Chinese Detective DVD review

An interesting series from early 80s BBC hits DVD - and Alex reckons it's worth checking out.

The Chinese Detective.

Tenacious Detective Sergeant John Ho, played by the likeable David Yip, joined the police to avenge his father’s wrongful imprisonment. Derek Martin played Chief Inspector Berwick, Ho’s permanantly exasperated superior. Berwick’s run-ins with Ho were a memorable aspect of the series. Berwick hates his subordinate’s methods and rather flippant attitude and wants Ho out of the force. In a rare continuity gap Berwick’s first name seems to vary. He refers to himself as “Jim” in one episode yet is called “Jack” and “Jeff” in two subsequent stories. Martin was developing a reputation for east end heavy roles on both sides of the law and was even sought for the role of Dirty Den when Eastenders began.

Ho’s reluctant colleague, the charmless ladies man Detective Sergeant Donald Chegwyn, was played by Arthur Kelly. Chegwyn is fond of belittling Ho’s vintage Morris Minor Traveller and his devotion to the words of Japanese writer and philosopher Mishima. Larrington Walker played Ho’s black friend Ezra, a kind of Huggy Bear figure, forever financially embarassed but able to infiltrate many a villain’s den albeit at great personal cost .

The Chinese Detective was devised by Ian Kennedy Martin, the creator of The Sweeney and Juliet Bravo. Sweeney composer Harry South provided the memorably moody theme tune. The series made the most of its Limehouse setting, the grimy docklands locations seen here a few years before the yuppie development of the area. The show featured a number of semi-regular characters most notably Alan Ford as Jack Bross. A vengeful villain, Bross is going straight but keen to use Ho to sort out his enemies. Peter Dean makes a couple of appearances as Fulham gangster Greg.This gives the show a broad canvas feel rather than each episode being self-contained.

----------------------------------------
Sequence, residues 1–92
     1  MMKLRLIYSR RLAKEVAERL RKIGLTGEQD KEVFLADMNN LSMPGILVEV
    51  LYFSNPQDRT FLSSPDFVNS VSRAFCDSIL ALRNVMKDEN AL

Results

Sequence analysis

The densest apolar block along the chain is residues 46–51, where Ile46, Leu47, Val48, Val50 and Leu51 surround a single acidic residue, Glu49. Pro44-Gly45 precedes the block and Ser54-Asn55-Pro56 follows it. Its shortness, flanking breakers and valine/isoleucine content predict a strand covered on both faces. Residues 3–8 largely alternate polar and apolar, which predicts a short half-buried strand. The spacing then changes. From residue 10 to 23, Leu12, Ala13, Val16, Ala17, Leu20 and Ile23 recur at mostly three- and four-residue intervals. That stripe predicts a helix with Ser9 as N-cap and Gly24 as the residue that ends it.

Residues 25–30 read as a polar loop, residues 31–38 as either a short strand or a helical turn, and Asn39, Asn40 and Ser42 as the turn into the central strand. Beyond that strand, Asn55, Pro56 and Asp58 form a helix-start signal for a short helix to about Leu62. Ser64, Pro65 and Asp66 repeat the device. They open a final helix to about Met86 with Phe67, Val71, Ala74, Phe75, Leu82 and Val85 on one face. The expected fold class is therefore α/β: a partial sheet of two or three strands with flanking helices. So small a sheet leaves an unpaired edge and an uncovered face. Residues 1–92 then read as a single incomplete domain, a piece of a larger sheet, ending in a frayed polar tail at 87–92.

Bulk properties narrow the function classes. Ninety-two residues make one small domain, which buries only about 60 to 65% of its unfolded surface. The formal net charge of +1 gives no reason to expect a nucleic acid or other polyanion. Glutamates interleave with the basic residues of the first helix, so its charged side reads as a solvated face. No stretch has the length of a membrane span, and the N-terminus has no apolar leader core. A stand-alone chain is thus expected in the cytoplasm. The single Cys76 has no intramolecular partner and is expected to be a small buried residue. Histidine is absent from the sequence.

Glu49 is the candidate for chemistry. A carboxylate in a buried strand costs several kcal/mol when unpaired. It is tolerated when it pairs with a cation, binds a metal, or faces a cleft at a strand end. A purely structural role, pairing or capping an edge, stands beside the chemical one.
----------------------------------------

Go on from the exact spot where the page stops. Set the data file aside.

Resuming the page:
The series boasted some fine guest stars including Brian Croucher, Maurice Denham, George Sewell, Edward Hardwicke, Maurice Roeves, James Ellis, Patrick Malahide and George Baker as well as “before they were famous” turns from John Savident, Pam St Clement and a very young Siobhan Hayes.

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The Chinese Detective was originally transmitted in the spring of 1981 and the autumn of 1982, the appearance of Space Invader machines, a Rubik cube and a surreal sequence featuring The Tweets’ Birdy Song put the show firmly in period. All 14 episodes are presented across four discs. The lack of extras is a disappointment given the hefty price tag, nevertheless, the sheer quality of the writing and performances make this an enthralling and enjoyable slice of vintage television.

4 Discs.Series One: 6 x 50 minute episodesSeries Two: 8 x 50 minute episodesOverall running time: 700 minutes approxExtras: none

4 out of 5


4 out of 5